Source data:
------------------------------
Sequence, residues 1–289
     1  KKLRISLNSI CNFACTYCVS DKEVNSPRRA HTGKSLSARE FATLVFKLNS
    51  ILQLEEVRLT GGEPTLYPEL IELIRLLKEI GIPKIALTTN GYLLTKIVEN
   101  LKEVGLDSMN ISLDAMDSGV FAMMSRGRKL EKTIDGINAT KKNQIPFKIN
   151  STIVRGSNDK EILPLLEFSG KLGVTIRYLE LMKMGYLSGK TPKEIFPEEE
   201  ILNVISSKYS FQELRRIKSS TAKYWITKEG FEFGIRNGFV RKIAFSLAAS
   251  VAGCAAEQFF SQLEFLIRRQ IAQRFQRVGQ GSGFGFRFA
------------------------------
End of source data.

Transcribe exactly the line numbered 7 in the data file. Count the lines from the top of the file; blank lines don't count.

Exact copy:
   251  VAGCAAEQFF SQLEFLIRRQ IAQRFQRVGQ GSGFGFRFA